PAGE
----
Monday, June 9, 2008

Radical Mormon

I read an article by Eugene England on Orson Scot Card. In it, England describes Card as a radical Mormon. He describes him as “deeply committed at his core to both the Church and the Gospel and to traditional family values, to the point of great self-sacrifice”. The implication is that Card is not like other modern Mormon conservatives, in that he is “willing, in his fiction, to attempt to get at the roots of the most fundamental questions and issues affecting the Mormon religion.” England calls Milton and Shakespeare radicals too because they “both comfort the afflicted and afflict the comfortable.” By calling Card a radical he puts him in the august company. For his bias toward selecting literary figures I will forgive England because he was, after all, a professor of literature. But I like his idea of what makes a radical Mormon.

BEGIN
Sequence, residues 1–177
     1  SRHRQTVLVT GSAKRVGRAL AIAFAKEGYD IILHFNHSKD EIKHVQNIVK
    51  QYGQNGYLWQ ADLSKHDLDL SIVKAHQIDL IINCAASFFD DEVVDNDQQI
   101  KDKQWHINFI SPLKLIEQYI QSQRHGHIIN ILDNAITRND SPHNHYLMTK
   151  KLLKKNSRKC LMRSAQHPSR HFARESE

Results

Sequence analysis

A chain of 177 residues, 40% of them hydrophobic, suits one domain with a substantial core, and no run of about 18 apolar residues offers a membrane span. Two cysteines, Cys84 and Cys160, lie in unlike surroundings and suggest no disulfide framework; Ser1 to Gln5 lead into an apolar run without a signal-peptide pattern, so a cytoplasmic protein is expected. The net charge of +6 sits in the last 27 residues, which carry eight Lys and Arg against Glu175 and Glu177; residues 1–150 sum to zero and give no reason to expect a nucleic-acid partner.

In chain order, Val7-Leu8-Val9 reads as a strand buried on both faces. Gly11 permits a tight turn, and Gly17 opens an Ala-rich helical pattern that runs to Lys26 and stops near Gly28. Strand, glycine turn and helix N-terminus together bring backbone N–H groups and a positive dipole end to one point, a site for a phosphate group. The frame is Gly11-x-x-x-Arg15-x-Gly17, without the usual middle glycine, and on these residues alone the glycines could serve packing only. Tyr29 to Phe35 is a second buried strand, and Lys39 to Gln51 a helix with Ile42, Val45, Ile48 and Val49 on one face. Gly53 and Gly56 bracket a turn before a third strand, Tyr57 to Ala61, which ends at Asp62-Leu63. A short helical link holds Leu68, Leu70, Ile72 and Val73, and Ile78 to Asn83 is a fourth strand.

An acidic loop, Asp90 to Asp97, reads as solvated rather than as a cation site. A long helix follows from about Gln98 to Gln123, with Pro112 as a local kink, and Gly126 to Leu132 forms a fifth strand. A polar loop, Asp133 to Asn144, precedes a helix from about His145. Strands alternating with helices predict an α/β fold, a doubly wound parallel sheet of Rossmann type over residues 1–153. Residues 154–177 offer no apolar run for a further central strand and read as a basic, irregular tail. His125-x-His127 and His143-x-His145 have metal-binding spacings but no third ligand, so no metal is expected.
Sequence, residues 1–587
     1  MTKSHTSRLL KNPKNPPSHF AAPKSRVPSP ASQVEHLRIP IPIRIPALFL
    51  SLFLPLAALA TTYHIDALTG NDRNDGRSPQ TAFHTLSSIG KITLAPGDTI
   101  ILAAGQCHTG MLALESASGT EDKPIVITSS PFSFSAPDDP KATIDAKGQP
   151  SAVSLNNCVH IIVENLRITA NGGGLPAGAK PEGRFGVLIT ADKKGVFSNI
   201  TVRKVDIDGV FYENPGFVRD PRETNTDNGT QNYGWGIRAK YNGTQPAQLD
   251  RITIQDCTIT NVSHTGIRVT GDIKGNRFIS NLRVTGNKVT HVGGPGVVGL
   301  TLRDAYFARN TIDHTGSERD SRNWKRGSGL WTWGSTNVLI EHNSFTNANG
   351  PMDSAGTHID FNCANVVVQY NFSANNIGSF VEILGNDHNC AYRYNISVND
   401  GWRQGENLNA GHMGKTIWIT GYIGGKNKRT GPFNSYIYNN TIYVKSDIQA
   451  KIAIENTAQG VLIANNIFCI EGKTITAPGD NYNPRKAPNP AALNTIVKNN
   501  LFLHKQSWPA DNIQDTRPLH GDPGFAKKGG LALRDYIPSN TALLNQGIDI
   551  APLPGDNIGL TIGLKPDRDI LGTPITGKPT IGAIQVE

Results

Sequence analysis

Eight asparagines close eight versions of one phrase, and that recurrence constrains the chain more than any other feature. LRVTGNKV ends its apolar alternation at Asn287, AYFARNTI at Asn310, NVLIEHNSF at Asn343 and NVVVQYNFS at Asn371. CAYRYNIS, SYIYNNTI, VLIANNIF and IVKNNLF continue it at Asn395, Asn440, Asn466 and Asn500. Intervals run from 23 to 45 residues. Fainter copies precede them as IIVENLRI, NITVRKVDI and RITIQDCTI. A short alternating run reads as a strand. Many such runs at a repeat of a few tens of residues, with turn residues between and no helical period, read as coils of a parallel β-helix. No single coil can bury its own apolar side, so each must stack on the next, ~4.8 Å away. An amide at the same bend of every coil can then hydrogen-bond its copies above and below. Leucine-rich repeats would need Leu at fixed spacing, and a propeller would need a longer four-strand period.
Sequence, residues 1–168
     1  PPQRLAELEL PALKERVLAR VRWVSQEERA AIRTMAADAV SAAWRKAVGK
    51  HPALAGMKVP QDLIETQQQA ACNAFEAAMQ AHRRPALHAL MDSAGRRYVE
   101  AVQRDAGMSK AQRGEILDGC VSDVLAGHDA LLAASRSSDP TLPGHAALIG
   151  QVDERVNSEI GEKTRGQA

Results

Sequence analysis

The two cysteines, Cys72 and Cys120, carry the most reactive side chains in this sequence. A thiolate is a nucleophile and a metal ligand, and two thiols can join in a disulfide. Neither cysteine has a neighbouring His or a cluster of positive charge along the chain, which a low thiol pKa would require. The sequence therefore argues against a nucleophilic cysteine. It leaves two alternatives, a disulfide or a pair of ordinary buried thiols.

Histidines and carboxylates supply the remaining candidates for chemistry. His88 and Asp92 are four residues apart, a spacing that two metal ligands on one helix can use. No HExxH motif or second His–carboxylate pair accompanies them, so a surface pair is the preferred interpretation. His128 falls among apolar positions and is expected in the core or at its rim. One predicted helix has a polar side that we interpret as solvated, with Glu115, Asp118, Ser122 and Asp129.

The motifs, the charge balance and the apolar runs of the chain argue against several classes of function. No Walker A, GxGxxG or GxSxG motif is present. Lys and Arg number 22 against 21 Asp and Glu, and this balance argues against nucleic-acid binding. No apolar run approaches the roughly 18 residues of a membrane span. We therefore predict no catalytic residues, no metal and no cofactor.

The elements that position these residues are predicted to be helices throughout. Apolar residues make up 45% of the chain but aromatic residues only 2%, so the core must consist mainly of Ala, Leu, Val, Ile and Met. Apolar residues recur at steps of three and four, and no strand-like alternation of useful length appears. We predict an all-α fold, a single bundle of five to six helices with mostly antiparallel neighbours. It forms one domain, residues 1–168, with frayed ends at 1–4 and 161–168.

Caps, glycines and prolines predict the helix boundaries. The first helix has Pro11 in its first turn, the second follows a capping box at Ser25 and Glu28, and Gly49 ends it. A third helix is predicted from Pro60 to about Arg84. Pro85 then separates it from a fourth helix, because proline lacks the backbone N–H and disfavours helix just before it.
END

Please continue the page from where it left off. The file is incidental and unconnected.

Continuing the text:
To expand on England’s idea, an honest yet faithful approach to Mormon history requires that we take a radical stance. No student of Mormon history discovers preconceived notions wrapped up in neat little packages. True history is far too messy for the conservative approach. Radical Mormons dig through the doctrinal folklore that makes up our history and understand the root of Mormon theology. They accept what they find as interesting and embrace its unique character.

In this sense I am radical. I accept what is Mormon not on the merits of its historic narrative, but because of it spiritual qualities. I am Mormon because of the spiritual events in my live. I study Mormon history because each event adds one more thread to the whole fabric of the Mormon experience. The cloth is not perfect, but if I tried to remove the imperfections, I would destroy the integrity of the fabric. Like the way my wife loves the look of woven raw silk, Mormon history is beautiful just as it is.

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